Super User is a question and answer site for computer enthusiasts and power users. Join them; it only takes a minute:

Sign up
Here's how it works:
  1. Anybody can ask a question
  2. Anybody can answer
  3. The best answers are voted up and rise to the top

Sorry I didn't know how to ask this question without labelling it "Windows 8 multiple desktops" Which brings up a whole bunch of people trying to do something else.

I like the "swype" alt-tab alternative in windows 8, but that only tabs between "apps", not programs running within the "desktop" app.

Google Chrome lets you run it either in desktop mode or "windows 8 mode" So that's nice, but what about all the other programs in the world? (Many of which support a very nice full-screen mode).

What I want is either a way to:

  • Force any full-screen windows program to act like a windows 8 "app", or
  • Instantiate multiple "desktop" apps, in which I can full-screen various programs. Ideally even rename them from "desktop" to whatever that app is.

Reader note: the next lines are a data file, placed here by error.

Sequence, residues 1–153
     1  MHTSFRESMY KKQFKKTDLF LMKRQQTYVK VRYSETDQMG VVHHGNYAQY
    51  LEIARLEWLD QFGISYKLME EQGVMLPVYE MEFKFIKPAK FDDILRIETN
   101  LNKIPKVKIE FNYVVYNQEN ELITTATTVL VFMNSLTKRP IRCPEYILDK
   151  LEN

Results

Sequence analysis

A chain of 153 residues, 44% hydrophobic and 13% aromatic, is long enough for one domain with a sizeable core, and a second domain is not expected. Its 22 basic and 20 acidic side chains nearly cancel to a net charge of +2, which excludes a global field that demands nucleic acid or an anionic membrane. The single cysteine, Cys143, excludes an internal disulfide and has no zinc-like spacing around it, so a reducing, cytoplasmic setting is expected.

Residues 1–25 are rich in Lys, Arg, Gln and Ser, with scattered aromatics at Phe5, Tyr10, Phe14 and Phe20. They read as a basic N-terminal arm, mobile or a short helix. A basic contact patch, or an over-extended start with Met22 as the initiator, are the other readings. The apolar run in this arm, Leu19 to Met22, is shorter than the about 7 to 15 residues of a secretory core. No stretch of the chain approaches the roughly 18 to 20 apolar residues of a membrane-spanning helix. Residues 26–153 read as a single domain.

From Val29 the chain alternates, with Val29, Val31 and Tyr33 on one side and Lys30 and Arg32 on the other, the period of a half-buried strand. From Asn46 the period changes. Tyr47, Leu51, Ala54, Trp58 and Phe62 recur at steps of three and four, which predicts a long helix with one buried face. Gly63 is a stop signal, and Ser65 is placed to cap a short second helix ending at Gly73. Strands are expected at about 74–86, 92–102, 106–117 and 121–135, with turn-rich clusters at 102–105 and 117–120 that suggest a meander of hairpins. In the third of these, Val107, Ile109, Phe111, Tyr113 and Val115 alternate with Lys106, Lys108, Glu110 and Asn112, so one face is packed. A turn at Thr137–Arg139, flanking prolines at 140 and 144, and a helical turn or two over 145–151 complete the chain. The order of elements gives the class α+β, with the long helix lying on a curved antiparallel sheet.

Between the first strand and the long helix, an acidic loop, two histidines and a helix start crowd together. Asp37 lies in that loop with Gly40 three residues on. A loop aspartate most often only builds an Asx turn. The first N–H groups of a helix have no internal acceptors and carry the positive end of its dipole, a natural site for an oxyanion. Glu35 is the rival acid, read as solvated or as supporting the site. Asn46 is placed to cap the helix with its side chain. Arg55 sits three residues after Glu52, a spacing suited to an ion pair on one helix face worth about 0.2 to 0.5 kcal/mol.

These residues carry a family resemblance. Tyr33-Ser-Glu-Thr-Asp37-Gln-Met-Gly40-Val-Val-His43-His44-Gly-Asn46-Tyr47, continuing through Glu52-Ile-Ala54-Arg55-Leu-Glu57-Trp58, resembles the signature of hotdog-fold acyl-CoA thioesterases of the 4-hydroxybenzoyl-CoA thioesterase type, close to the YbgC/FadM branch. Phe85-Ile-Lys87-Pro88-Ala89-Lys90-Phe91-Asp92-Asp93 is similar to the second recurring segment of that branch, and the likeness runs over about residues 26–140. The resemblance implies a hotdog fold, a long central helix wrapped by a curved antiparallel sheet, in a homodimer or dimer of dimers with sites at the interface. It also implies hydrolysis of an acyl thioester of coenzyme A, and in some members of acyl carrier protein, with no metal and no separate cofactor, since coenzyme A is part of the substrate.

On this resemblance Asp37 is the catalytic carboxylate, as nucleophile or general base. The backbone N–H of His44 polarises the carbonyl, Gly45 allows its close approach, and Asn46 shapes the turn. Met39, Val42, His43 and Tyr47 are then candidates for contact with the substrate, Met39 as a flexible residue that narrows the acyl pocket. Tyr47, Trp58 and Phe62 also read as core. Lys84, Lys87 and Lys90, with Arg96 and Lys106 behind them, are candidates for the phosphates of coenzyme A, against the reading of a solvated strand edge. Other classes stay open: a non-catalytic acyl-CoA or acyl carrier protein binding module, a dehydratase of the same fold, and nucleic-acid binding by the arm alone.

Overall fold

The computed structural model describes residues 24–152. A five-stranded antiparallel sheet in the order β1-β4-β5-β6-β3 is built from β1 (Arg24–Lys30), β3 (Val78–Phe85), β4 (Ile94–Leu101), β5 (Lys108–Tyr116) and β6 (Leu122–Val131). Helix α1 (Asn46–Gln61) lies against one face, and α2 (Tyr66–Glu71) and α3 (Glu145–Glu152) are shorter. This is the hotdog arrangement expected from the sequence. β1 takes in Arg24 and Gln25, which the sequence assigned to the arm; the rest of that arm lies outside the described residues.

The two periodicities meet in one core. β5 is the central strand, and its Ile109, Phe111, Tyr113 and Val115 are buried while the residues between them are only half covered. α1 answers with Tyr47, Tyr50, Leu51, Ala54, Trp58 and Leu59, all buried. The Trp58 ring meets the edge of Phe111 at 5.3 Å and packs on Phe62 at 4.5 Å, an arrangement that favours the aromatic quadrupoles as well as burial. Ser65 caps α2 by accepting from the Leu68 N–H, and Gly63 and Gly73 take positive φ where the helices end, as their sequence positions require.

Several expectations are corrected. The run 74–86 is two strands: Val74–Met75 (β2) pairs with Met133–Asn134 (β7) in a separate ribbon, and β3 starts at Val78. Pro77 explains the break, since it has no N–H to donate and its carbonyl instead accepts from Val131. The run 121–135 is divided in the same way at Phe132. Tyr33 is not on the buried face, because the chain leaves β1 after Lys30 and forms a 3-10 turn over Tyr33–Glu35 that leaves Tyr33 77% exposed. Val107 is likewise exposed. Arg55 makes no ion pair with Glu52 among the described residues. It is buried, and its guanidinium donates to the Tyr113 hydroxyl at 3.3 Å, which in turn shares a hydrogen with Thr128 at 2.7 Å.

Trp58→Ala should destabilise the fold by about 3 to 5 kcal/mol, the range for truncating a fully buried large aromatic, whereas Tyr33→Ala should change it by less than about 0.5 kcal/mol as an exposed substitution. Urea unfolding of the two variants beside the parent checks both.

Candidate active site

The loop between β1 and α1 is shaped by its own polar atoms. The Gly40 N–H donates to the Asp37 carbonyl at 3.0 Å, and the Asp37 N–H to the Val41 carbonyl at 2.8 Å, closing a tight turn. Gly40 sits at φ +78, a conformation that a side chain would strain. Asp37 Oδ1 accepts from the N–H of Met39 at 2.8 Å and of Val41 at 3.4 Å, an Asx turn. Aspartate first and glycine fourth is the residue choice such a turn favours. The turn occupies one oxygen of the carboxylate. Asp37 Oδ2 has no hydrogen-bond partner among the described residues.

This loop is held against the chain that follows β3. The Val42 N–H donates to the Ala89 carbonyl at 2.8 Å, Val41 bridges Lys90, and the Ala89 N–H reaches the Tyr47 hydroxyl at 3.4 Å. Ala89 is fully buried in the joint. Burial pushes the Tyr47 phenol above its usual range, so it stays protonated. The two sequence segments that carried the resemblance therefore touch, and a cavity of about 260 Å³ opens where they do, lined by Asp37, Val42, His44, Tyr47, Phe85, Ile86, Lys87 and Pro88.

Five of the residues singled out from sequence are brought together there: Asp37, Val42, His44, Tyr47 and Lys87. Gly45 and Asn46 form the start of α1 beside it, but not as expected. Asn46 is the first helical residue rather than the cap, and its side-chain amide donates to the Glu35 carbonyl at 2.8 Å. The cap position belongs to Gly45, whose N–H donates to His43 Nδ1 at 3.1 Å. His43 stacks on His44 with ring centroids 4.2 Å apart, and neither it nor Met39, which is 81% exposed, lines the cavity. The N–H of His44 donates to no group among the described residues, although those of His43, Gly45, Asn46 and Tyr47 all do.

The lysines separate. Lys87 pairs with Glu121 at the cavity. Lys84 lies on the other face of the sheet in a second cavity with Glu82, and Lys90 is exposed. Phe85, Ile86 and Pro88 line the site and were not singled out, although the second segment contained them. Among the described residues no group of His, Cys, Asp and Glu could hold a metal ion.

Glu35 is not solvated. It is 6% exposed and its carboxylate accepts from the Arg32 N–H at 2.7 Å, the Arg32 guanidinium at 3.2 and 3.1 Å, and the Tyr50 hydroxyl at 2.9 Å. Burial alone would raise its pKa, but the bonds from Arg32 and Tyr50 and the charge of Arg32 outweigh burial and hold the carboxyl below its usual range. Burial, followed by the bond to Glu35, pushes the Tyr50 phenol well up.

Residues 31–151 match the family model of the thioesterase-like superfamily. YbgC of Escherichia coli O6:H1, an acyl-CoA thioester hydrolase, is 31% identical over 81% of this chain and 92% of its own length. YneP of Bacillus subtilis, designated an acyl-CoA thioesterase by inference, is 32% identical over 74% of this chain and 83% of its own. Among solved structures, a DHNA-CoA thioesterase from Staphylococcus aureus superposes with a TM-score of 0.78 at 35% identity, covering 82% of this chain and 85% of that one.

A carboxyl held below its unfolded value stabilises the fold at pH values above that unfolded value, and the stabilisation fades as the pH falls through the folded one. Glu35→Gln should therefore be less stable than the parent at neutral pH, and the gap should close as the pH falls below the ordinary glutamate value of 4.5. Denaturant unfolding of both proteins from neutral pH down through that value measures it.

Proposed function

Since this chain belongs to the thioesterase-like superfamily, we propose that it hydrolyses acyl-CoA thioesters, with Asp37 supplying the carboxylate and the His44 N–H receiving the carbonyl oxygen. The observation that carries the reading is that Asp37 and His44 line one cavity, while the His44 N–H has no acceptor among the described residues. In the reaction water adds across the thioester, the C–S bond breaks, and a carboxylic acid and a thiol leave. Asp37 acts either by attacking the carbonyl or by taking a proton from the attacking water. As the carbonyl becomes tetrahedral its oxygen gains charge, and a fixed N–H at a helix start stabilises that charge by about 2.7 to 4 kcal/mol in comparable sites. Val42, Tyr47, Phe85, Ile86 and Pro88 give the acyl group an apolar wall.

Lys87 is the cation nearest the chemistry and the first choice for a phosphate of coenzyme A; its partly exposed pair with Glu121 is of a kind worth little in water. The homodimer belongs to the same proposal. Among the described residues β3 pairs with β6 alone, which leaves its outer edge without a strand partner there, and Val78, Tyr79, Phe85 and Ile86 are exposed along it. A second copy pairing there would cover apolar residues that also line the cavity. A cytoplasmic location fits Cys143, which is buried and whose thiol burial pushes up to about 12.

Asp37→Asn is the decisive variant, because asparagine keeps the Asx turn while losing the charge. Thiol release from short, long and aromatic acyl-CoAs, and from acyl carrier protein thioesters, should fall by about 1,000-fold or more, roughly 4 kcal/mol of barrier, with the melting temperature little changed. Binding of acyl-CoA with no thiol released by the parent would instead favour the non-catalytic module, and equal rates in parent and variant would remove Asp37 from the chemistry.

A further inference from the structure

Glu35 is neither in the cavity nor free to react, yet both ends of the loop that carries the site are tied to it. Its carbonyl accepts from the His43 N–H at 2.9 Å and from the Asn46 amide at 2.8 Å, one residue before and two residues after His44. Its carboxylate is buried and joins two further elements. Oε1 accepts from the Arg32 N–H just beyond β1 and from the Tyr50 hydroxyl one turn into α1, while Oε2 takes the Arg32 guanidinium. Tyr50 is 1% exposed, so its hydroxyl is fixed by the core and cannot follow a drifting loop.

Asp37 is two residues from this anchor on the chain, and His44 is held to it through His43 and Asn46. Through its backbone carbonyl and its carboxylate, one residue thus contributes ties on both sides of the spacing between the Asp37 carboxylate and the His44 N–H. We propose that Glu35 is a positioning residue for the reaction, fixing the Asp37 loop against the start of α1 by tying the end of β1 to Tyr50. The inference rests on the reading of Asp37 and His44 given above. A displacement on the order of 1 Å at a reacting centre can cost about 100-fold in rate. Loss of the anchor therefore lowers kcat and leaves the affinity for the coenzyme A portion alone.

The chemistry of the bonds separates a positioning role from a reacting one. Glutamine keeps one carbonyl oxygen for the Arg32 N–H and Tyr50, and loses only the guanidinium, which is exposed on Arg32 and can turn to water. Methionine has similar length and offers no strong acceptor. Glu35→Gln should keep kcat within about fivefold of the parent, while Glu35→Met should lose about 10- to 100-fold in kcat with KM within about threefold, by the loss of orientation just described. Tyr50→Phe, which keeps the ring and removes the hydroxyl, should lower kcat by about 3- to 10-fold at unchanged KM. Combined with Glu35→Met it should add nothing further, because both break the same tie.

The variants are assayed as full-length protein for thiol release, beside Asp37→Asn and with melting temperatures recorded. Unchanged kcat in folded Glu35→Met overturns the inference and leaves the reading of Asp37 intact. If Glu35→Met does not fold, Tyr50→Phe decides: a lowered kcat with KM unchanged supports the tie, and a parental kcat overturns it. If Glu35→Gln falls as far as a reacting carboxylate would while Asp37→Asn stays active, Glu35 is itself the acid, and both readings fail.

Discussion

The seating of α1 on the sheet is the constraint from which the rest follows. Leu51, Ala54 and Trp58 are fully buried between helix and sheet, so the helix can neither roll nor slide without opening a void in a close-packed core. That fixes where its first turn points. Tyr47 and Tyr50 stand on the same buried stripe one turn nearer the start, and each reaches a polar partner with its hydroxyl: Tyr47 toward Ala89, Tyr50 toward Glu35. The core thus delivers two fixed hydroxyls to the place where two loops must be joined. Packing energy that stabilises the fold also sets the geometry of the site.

Hopefully this can be done!

share|improve this question
Why the downvote? Is this a bad question? – Dean Rather Jan 17 '13 at 0:30

This cannot be done.

The classical desktop and the modern apps are two separate worlds.

  • Classical desktop applications are those that (can) run on previous versions of Windows.
  • Modern apps are the new thing in Windows 8, they didn't exist before. These applications have new API to the system and are run in a more restrictive environment than regular (or classic) desktop applications.
    The only exception is made to browsers which can use the full Windows API even in modern interface, and can be run as either desktop or modern mode.

You cannot start multiple desktop "apps" because it's not really an application, it's just the "legacy" Windows desktop presented as a tile.

share|improve this answer
multiple virtual desktop tools like dexpot let you create multiple "desktops" on windows, all it would take is for one of those tools to build a win8 savvy version. I assume it's been done or in the works... – Dean Rather Jan 17 '13 at 0:29
Yes, but that would still be a virtual desktop which runs on one Windows desktop. You would not be able to switch between such desktops the same way you switch between modern apps. – Alexey Ivanov Jan 17 '13 at 6:08

You must log in to answer this question.

Not the answer you're looking for? Browse other questions tagged .